Indonesian bureaucracy is a special rung of hell.
Photo by Iyas Lawrence.
Being an Indonesian citizen usually means you need a big wallet, not to hold all that money we have, but to store a plethora of government issued cards. e-KTP (electronic ID), NPWP (tax ID), SIM (driving license), BPJS Ketenagakerjaan dan BPJS Kesehatan (social security), Kartu Indonesia Pintar (Indonesian Smart Card), Kartu Pemilu (Voting Card), etc. Each time you lose one of them, or god forbid your wallet, it's a massive pain in the ass.
"I've been back and forth eight times to the district office just to extend my e-KTP," said Iwan, 25, furiously. "I haven't made any progress, one time I even slammed my hand on the officer's table out of sheer frustration."
Iwan, an Air Force officer deployed in Aceh, was only given a temporary KTP form. The reason? They were out of permanent e-KTP forms.
"I'm confused. On the KTP form, it says that there's an expiration date. But after visiting sub-district office for an extension, they said it's not necessary. So who's right?"
Millions of Indonesian citizens have to face the same broken system that in now known as e-KTP. The current state of chaos around e-KTP started in 2011 when massive corruption around the ID card was uncovered. The five trillion rupiah ($375 million) project has turned into a treasure chest for politicians and businessmen alike. It's believed that more than 50 percent of e-KTP funds have been found their way into the pockets of politicians in the House of Representatives and various ministries.
The Corruption Eradication Commission (KPK) has named a total of three main suspects involved in the corruption. Irman, former Director General of Citizenship and Civil Records and former Director General of Citizenship Administration Information Management and Civil Records, Sugiharto. In an initial trial last March in Jakarta's Court for Corruption, they were accused of stealing over Rp 60 million ($4,500) from the state's coffers.
At a recent hearing, the KPK announced a third suspect: Andi Agustinos, better known as Andi Narogong, who supplied goods and services to Ministry of Home Affairs while it was led by Gamawan Fauzi. Andi is suspected helping to facilitate kickbacks to members of the house of representatives.
How has the e-KTP program turned into one of the most calamitous bureaucratic fuck ups in Indonesian history? "Technically, the project is 80 percent done," said Sukamdi, a citizenship and policy expert at the University of Gadjah Mada. "It's not impossible."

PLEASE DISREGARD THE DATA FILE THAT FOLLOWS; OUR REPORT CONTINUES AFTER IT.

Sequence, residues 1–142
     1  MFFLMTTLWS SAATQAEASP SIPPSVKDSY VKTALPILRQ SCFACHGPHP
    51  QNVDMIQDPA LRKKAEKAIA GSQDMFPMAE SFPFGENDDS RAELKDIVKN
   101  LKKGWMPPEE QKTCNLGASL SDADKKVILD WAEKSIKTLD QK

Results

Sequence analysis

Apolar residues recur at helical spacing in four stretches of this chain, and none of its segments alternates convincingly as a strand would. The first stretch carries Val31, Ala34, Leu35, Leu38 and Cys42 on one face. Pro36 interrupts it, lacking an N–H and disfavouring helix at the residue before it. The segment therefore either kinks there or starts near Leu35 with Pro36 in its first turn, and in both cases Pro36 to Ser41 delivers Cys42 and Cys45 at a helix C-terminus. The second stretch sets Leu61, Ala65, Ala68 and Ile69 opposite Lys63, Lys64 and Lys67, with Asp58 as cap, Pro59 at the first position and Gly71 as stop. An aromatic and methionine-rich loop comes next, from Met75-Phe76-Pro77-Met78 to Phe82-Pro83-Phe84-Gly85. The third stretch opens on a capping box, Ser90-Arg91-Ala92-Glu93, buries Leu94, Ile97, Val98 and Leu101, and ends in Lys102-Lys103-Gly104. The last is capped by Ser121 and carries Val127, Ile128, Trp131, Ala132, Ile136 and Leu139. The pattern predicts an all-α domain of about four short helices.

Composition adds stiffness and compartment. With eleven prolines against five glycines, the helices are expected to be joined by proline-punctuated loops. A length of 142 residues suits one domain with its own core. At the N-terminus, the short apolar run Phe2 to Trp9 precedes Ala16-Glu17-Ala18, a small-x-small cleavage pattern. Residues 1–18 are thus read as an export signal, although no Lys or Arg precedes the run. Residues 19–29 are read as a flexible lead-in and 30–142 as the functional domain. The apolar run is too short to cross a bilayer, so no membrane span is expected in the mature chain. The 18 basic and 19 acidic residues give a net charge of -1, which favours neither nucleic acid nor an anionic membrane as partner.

Sukamdi confirmed that there are a myriad of issues (besides the massive corruption) that are holding back the program from success, namely procurement and distribution of the cards.
"We have a huge number of citizens so it will take some time. Especially for those who live in remote areas, it's going to be very costly. The government isn't ready to deal with the changing demographies of the country, people who are about to turn 17 this year will need an e-KTP. This will become a problem as well," explained Sukamdi to VICE Indonesia.
According to Sukamdi, the e-KTP is the right of every citizen and must be granted by the government. "The state has to fulfill that right. However, the process sometimes makes people reluctant to join, thus there are also so many citizens without IDs," he said.
The 'e' of e-KTP stands for 'electronic,' but according to Sukamdi, the card is still very analogue. "The fact is, there's a chip in e-KTP, so why do we still need to bring a photocopy of the ID when handling citizenship issues? It's ridiculous," said Sukamdi.
Bureaucracy and the staggering number of cards needed to access state programs for Indonesian has triggered a conversation about integrating all these different IDs into one single card. However, according to Sukamdi, this idea is a pipe dream.
The Ministry of Home Affairs has signed an agreement with 57 public institutions to create the Citizenship Administration Information System (SIAK), which would put all public data on a single channel. However, it's still a long way away from actually being put into effect.
"Integrating different public institutions is hard since each has their own system. The implementation is still far from being optimal. Look at neighboring countries like Malaysia with their MyKad, which makes everything easy for their citizens," said Sukamdi.
"In United States, if you're visiting for an extended period of time, to study for example, then you are given a Social Security number. That's the first thing they do for you, all public programs are integrated into that card," said Sukamdi.
Public administration expert Wahyudi Kumorotomo argued that the integration of e-KTP requires the restructuring of many sectors due to Indonesia's bad record-keeping system for individuals.
He's argued that maybe the simplest solution is the best one. "E-KTP should aim for a Single Identity Number (SIN) system. This would also cut the cost of various identity cards. Every Indonesian citizen should only have one card for all their public service needs, from the day they're born to the day they die."